The journalist Olga Kronsteiner was awarded the Leon Zelman Prize for Dialog and Understanding 2020 in September at Vienna City Hall. The prize was presented by Vienna’s City Councilor for Cultural Affairs Veronica Kaup-Hasler in the City Senate Chamber.
“Reconciliation, a willingness to enter into dialog, remembrance – these are the great topics of Leon Zelman, who founded the Jewish Welcome Service nearly 40 years ago. It was an initiative that took it upon itself to invite Holocaust survivors and their descendants from around the world to our city, to learn about contemporary Vienna as it is today.
The journalist Olga Kronsteiner is this year’s winner of the Leon Zelman Prize. She weaves her stories entirely in the spirit of the person after whom the prize is named – with commitment, compassion, expertise, sophistication, and precision. Whether restitution, the modern art trade or cultural politics, she calls things what they are without beating about the bush and, if there’s any doubt, always comes down on the side of art. The Leon Zelman Prize is a mark of appreciation and respect for a journalistic oeuvre with an unmistakable, socio-political standpoint. For that reason alone, it is indispensable,” City Councilor for Cultural Affairs Veronica Kaup-Hasler congratulated prize-winner Olga Kronsteiner.
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In his laudatory speech, the publisher and author Benedikt Föger remarked:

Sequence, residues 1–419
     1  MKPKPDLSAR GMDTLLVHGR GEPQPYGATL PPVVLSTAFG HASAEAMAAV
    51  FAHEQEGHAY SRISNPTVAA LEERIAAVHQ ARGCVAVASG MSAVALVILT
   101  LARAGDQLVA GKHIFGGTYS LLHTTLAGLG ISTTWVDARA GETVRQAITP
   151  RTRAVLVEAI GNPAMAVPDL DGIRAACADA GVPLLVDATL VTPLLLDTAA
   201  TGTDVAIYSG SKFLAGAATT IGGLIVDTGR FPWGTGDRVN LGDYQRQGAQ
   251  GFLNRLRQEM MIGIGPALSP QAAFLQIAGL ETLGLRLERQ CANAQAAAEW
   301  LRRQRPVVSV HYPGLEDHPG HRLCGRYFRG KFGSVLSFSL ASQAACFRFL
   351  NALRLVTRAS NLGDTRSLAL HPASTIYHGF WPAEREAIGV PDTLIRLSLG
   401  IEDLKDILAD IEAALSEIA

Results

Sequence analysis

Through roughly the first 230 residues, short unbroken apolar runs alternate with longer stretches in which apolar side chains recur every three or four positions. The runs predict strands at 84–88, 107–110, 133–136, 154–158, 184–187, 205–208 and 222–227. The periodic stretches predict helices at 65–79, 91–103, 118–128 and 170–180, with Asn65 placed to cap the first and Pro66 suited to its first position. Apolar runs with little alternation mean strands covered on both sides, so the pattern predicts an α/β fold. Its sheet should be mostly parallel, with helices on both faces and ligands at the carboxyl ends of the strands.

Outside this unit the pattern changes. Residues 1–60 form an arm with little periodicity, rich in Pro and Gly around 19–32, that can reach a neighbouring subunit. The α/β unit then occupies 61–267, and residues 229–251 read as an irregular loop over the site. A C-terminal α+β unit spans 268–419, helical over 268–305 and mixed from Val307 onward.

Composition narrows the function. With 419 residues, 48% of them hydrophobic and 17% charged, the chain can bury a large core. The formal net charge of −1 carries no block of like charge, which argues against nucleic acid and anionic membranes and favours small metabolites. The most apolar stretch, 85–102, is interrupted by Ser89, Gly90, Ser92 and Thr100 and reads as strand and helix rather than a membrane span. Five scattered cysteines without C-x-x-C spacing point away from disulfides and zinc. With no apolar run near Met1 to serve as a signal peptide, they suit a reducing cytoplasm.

“Olga Kronsteiner is filled with an almost anachronistic yearning for decency in politics and society, and resistance to everything that contradicts this decency. The ravages of National Socialism and the subsequently inadequate way they were dealt with became a kind of journalistic life topic. She also always focuses on thorough, not to say meticulous, research, solid background information and her deep specialist knowledge to clarify her positions and highlight relationships based in fact.”
“With Olga Kronsteiner, it’s not just about the beacons of art restitution but also about the little everyday objects that made up a life that was snuffed out. Nowadays, these objects often form the only concrete basis on which to remember murdered relatives.”
“Olga Kronsteiner can draw the whole big picture, highlight the historic and social context, using a single detail – whether that be a cigarette case, an art object the size of a thumb, or a sentence from a letter.”
Resistance to forgetting
“I am delighted about the recognition of my journalistic work. I see it as a form of resistance to forgetting. My goal is to heighten public awareness of the Shoah and its consequences. There is still much to do – today more than ever,” said Olga Kronsteiner in her acceptance speech.
The prize has been awarded since 2013 to people or initiatives that are actively committed to the memory of the Shoah and the dialog between today’s Vienna and the victims of National Socialist persecution and their descendants. The prize is endowed with 5,000 euros and donated by the City of Vienna.
- Jury reasoning (in German)
- Laudatory speech by Benedikt Föger (in German)
- More photos of the prize-giving on Facebook
- Report on the prize-giving at W24.at (in German)
- Live recording of the prize-giving (in German)